This fall saw the start of Audubon North Carolina’s latest coastal project, an effort to restore oyster reefs on the Lower Cape Fear River.
Oysters are an essential part of the Lower Cape Fear River, where they provide valuable ecosystem services. Because they are filter-feeders that consume small organic particles out of the water column, they also filter the water—up to 50 gallons per day per oyster—removing excess nutrients and sediment. Oysters also provide habitat for a plethora of other species, from tiny invertebrates to commercially important fish species.
They are also, of course, a dietary staple for the American Oystercatcher, meaning restoring oyster reefs on the river will improve the ecosystem for all wildlife, including birds!
Funded through the National Fish and Wildlife Foundation by the North Carolina and Virginia Rivers and Waters Program, our oyster project addresses the first phase of oyster reef restoration: site assessment,project design, and permitting. While some partners on the project are mapping current and historic oyster reef locations and the underwater topography around potential restoration sites, UNC-Wilmington’s Center for Marine Science is helping us monitor the oysters themselves.
Although oysters live most of their lives as sessile organisms, (meaning attached to some kind of hard substrate), they start life as free-floating larvae. On the Cape Fear River, it appears that oyster abundance may be limited by availability of substrate. In order to restore or enhance oyster reefs, therefore, we need to provide suitable substrate in locations where passing larvae can settle down and grow into adults.
Master’s degree student, Alexis Marti, is studying under Dr. Troy Alphin. Their monitoring work will assess oyster recruitment (how many larval oysters are available in the water column and settle down), abundance, and demography as well as habitat value at each site. Her first field day began with measuring abundance and size demography in several small habitat samples called quadrats: A PVC-square was placed randomly in a potential restoration site, and Alexis measured the number of current oysters in it, and their size. Later, when the water warms enough for oysters to spawn, a ceramic tile will be placed below the waterline and checked for settlement by oyster larvae, which are called spat once they attach to a surface and begin to grow a shell. A sampling tray will also be left at the site, and all organisms that settle in it will be identified and counted, which will measure the biodiversity of each habitat.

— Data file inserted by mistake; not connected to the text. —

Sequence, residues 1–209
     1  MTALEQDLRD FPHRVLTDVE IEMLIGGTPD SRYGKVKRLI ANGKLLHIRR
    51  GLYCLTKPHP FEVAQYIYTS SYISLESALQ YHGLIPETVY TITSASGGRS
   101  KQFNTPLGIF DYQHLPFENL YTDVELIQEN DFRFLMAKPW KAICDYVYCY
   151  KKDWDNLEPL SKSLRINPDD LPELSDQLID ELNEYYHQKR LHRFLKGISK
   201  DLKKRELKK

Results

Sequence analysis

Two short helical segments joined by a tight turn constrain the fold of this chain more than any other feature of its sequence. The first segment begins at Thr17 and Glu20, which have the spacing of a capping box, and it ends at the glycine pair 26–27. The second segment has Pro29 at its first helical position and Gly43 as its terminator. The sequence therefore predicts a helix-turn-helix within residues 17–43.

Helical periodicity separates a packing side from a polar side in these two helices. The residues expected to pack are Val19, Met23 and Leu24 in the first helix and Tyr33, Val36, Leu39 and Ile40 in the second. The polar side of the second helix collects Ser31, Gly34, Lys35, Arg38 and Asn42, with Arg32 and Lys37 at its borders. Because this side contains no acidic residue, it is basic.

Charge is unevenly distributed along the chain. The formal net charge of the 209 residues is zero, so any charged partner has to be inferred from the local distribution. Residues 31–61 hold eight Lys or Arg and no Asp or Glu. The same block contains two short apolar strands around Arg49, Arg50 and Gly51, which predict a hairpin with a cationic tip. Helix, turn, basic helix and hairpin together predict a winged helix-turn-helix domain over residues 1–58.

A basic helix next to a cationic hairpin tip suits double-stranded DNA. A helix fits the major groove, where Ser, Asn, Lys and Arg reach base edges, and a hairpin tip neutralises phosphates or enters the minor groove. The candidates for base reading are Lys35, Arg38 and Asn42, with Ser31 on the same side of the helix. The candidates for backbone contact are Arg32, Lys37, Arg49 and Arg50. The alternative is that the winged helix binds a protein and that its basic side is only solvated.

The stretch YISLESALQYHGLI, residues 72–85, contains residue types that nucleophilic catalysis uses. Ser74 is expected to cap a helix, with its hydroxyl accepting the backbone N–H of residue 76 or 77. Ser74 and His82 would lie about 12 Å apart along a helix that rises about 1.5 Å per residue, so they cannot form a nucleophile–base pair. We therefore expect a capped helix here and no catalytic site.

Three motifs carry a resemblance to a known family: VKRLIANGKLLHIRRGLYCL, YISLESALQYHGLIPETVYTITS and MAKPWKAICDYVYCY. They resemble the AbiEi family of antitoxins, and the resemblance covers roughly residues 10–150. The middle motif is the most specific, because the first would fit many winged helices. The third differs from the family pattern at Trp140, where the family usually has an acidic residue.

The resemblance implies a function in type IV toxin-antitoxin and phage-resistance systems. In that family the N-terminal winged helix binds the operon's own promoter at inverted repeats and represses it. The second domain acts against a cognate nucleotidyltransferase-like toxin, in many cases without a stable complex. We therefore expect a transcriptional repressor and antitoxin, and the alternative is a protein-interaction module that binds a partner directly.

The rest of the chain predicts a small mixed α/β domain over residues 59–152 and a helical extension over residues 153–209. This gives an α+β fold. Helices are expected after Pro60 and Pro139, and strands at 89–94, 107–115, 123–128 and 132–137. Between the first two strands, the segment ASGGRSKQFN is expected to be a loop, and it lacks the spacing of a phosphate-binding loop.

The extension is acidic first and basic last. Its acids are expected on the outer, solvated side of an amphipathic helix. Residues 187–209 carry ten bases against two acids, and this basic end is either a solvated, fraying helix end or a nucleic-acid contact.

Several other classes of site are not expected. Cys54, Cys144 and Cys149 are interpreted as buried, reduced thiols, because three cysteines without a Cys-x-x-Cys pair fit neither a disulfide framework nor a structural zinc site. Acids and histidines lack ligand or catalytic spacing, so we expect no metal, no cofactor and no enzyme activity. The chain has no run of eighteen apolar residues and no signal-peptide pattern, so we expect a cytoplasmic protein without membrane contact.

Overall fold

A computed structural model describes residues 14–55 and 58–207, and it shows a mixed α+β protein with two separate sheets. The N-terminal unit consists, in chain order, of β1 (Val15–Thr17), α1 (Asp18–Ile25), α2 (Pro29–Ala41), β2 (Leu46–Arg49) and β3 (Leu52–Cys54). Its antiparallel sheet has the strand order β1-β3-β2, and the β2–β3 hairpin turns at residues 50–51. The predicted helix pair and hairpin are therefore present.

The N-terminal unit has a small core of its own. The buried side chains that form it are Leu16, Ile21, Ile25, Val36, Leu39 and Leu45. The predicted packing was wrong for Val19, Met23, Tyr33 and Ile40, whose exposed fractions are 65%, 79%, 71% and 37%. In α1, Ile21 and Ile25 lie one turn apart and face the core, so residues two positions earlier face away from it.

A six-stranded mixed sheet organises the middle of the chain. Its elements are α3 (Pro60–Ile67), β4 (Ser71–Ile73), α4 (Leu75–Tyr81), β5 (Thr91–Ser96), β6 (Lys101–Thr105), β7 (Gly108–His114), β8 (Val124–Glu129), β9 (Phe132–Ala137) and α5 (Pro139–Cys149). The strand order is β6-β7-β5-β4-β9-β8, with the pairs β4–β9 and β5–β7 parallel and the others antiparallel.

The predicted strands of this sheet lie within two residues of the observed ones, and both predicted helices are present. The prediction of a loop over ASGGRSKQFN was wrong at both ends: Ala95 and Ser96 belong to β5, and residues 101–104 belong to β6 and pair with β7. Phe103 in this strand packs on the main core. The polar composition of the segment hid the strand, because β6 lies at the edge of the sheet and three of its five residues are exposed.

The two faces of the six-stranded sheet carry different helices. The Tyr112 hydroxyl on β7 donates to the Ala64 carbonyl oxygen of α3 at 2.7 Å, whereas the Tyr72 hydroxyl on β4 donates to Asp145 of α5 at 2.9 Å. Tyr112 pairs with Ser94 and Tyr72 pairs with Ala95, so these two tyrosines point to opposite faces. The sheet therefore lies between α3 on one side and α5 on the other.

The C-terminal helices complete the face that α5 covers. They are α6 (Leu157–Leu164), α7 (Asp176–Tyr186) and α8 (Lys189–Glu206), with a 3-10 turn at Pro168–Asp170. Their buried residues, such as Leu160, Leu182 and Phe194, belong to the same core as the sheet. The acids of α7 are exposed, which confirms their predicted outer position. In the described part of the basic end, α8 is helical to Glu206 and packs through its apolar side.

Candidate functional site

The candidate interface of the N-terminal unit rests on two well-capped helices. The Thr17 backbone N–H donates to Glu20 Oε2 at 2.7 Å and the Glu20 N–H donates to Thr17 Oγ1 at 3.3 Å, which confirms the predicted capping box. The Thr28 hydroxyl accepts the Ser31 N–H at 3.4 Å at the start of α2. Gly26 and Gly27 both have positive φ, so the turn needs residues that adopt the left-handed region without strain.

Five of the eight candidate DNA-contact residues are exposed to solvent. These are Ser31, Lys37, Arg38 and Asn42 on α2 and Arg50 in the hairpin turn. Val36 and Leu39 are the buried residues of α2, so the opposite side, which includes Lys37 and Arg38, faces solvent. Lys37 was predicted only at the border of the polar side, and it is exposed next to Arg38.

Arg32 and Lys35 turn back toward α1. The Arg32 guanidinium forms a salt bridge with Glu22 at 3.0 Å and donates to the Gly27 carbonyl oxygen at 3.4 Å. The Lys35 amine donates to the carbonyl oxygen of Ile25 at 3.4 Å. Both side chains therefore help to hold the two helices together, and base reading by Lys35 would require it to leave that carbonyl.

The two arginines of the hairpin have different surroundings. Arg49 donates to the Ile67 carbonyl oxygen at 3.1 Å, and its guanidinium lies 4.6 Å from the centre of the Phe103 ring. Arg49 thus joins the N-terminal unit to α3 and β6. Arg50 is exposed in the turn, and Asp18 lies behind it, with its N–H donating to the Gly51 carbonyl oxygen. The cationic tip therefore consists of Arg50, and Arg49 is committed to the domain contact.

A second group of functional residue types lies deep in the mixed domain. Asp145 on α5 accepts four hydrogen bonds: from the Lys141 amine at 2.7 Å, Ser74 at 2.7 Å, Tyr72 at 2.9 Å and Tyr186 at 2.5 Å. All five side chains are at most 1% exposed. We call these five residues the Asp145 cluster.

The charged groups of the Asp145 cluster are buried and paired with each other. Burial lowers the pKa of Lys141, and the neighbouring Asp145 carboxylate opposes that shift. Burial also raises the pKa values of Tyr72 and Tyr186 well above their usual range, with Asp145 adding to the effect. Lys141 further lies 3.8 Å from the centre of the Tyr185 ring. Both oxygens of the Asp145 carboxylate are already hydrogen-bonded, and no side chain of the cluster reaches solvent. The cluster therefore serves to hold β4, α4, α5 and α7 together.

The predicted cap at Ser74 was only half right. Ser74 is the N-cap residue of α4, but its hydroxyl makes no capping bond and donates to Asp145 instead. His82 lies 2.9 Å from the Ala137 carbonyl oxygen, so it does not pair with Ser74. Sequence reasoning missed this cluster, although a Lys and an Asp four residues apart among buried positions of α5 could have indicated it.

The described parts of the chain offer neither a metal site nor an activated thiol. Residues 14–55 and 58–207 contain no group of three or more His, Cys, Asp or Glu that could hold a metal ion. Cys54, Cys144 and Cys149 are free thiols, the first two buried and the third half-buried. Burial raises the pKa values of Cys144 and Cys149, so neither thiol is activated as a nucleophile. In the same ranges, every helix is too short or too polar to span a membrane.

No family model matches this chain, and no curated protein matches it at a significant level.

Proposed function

Once each potential restoration site is assessed, Alexis and Dr. Alphin will be able to advise us on where to place suitable oyster substrate. They will be looking for locations where there is enough larvae available and enough protection from strong waves and currents that our new reef won’t be torn apart on a windy day.
Once healthy oyster reefs are restored near oystercatcher nesting locations along the Cape Fear River, not only will water quality and marine organisms benefit, nesting oystercatchers will have a nearby food source, allowing them to attend their chicks more closely and provide more protection from predators!
Stay tuned for more updates as this project moves forward.